The Sonntag technique further improved the fusion rates in this region with lower rates of nonunion compared to the other wire techniques. Sonntag’s approach involves passing a sublaminar cable under the posterior C1 arch from inferior to superior, placing a notched iliac crest autograft between the spinous process of C2 and the posterior arch of C1, looping the cable over the iliac crest autograft into a notch created on the inferior aspect of the C2 spinous process, and then tightening and crimping the cable to secure the graft. This technique improves the rotational stability of the Gallie technique and avoids sublaminar C1–2 cable passage (unlike the Brooks-Jenkins technique), thereby decreasing the risk of neurological injury. Sonntag demonstrated fusion rates of 97% using this technique, but required patients to be immobilized in a halo for 3 months after surgery as well as use a rigid cervical collar for an additional 1 to 2 months [7].
Despite the high fusion rates, the Sonntag approach has now largely been replaced by internal fixation using various screw and rod constructs across C1 and C2 [7,8]. Fixation methods such as the Magerl approach, which utilizes C1–2 transarticular screws and rods, gained some traction earlier, but the Goel-Harms technique is now the most commonly used technique given its advantage of rigidly fixing the atlas and axis using C1 lateral mass screws in combination with the C2 pars or pedicle screws with less risk of vertebral artery injury [9-11]. Over the years, surgeons have become facile in using this technique, with reported of cases of vertebral artery injury decreasing accordingly [11,17].
Given the importance of achieving fusion and reducing the risk of pseudarthrosis—factors that impact patient-reported outcomes after atlantoaxial instability—we feel that our technique offers the benefits of both secure interlaminar bone graft placement and C1–2 instrumented fixation using the Goel-Harms technique.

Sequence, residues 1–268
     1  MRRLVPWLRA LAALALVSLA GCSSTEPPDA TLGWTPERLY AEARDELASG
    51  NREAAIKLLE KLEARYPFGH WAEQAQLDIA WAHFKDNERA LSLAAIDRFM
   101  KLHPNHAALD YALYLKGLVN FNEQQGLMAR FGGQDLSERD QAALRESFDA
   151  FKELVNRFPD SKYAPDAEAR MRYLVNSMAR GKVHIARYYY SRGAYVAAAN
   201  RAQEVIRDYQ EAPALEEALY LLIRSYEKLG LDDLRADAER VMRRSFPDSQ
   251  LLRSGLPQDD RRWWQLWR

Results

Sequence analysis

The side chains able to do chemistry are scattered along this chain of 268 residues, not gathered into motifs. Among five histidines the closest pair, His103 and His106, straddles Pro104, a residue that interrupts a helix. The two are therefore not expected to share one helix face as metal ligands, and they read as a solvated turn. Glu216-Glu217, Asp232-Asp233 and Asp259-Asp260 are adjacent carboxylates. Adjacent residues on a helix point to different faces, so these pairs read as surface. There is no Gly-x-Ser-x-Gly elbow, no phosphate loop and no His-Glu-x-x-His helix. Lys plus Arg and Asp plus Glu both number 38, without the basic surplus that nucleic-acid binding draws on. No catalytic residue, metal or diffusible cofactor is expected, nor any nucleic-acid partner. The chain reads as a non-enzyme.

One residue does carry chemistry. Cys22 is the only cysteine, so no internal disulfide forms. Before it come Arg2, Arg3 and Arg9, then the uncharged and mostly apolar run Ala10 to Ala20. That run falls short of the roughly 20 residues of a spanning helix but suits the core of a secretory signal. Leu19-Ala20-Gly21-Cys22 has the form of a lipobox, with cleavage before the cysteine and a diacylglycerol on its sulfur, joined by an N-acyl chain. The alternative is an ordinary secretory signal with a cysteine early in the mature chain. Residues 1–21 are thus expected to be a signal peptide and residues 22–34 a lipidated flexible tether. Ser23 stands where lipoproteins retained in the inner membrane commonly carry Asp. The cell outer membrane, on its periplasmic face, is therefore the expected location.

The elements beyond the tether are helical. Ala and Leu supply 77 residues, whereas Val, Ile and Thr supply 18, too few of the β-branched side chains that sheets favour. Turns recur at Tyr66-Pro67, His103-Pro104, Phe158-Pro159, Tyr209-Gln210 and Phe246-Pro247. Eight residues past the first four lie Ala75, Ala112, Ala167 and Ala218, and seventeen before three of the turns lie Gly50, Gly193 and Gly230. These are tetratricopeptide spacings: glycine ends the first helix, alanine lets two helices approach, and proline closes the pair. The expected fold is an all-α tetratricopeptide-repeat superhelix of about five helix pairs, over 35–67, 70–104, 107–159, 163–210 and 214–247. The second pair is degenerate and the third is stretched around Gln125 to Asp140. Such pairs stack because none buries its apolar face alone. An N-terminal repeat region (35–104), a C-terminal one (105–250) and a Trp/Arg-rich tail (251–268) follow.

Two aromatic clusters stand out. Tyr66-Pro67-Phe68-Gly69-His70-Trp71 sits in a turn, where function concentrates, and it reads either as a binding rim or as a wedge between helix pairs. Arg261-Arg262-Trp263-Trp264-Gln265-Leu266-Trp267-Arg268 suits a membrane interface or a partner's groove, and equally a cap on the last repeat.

The original Sonntag approach requires using sublaminar wires, which poses some risk of durotomy and spinal cord injury [18,19]. The wires can be awkward to handle and require various tools to crimp and secure the wires. We used 0-Prolene sutures given their flexibility and lower risk of tissue or dura injury without compromising the tensile strength of securing the bone graft. By combining this approach with the C1 lateral mass and C2 pedicle or pars screws, we have found that postoperative external cervical immobilization with a halo or rigid collar is not required. This helps limit the patients’ exposure to halo and collar related morbidity in the postoperative setting, especially with older patients. In our series, our fusion rates were essentially 100% with the exception of 1 patient where the superior aspect of the graft did not completely integrate with the decorticated C1 arch at 6 months. Although our cohort was not powered to statistically identify a difference in fusion rates between allograft versus autograft, the 2 patients in which iliac crest autograft was used all demonstrated excellent fusion whereas 29 out of 30 cases in which allograft was used demonstrated excellent fusion between C1 and C2.